Cancer is among the leading causes of death worldwide, accounting for 8.2 million deaths in 2012. In 2015, it was estimated that 1,658,370 new cases of cancer would be diagnosed in the United States, and 589,430 people would die from the disease, according to the National Cancer Institute at the National Institutes of Health.
Several technologies discovered at Purdue University focus on the treatment of cancer, including some being commercialized through startup companies. These include:
1. A technique to predict where a cancer tumor will form on the skin after exposure to a carcinogen and an imaging device that provides surgeons real-time quantitative information about the tumor margins. The surveyed area can be a few hundred millimeters square and two millimeters deep. It was developed by Young Kim, associate professor of biomedical engineering. He has received funding from the Trask Innovation Fund, which assists faculty and staff whose discoveries are commercialized through the Purdue Research Foundation Office of Technology Commercialization.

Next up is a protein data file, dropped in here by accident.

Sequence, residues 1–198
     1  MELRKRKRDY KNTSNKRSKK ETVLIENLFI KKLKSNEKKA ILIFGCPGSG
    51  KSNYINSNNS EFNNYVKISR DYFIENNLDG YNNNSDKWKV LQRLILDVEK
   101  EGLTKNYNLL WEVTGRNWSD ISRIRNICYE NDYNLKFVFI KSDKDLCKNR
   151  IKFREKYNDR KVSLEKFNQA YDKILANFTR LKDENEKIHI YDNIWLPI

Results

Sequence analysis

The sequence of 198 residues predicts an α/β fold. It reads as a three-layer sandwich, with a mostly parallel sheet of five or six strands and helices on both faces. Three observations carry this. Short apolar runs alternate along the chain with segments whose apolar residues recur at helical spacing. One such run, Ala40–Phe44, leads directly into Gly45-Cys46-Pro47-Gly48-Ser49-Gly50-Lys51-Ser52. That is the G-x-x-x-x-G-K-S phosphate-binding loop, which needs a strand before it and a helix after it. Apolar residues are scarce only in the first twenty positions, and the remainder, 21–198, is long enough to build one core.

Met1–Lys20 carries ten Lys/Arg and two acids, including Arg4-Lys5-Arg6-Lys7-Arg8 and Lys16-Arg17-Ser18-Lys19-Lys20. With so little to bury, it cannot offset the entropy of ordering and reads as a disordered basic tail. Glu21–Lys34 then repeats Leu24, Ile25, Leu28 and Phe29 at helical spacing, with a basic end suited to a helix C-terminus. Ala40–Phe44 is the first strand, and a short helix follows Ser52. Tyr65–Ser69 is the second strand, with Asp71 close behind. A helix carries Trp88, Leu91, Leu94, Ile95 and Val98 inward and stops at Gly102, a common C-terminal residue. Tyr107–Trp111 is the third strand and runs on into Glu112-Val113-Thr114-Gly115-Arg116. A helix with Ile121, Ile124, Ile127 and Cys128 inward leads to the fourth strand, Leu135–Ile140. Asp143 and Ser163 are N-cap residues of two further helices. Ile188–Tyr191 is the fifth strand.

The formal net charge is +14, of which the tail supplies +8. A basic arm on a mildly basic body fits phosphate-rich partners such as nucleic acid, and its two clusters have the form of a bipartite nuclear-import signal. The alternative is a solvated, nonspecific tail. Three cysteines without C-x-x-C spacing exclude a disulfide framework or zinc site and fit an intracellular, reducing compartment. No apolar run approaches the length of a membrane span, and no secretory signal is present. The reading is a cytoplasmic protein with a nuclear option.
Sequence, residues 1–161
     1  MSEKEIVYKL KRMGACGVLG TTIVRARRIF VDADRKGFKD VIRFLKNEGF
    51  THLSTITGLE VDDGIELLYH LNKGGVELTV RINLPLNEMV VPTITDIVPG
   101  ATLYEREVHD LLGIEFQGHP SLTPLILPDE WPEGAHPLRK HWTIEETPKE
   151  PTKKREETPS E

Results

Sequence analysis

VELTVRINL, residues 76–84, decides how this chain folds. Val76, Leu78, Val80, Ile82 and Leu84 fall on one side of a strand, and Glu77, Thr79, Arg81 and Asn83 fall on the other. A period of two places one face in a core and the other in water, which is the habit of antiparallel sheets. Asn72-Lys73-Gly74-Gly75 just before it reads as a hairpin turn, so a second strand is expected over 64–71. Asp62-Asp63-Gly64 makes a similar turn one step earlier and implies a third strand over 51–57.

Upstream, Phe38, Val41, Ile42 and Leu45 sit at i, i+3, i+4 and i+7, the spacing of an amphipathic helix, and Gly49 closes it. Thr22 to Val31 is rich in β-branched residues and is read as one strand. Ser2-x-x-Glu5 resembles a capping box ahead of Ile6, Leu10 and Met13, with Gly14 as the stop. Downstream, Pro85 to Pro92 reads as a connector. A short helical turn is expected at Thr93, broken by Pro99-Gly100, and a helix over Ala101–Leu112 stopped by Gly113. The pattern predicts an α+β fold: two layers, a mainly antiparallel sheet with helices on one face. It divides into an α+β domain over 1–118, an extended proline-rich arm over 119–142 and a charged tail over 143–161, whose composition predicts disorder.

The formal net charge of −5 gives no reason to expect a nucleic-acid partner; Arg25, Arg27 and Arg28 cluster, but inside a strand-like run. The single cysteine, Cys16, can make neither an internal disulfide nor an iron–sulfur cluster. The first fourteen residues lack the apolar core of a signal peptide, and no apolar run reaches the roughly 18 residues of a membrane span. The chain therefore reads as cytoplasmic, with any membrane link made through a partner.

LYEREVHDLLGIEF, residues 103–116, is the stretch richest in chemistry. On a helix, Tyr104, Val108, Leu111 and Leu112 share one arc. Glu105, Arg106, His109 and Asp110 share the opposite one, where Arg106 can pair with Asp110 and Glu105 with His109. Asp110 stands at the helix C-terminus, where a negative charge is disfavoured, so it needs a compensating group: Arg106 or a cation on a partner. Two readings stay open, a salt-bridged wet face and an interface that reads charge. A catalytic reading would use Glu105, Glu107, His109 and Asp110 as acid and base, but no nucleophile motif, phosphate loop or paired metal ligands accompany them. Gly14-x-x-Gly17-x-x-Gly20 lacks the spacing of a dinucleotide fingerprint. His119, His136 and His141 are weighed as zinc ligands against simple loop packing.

2. An onsite cervical cancer screening test. The single-use, user-friendly technology uses key protein biomarkers that are specific to cervical precancerous lesions. It was developed by Joseph Irudayaraj, professor of agricultural and biological engineering and deputy director of the Bindley Bioscience Center.
3. Akanocure Pharmaceuticals Inc., which commercializes research led by Philip Fuchs, the emeritus R. B. Wetherill Professor of Organic Chemistry. The startup is developing technology that could large-scale synthesize and develop anti-cancer chemotherapeutic drugs derived from natural sources.
4. Animated Dynamics Inc. commercializes research led by Purdue physics professor David D. Nolte and Purdue basic medical sciences professor John Turek. The startup is developing a biodynamic testing service that could help customize cancer therapy for personalized cancer care.
5. KinaSense, which commercializes technology that could reduce the amount of time oncologists need to determine whether a cancer drug is working on a patient’s cancer cells.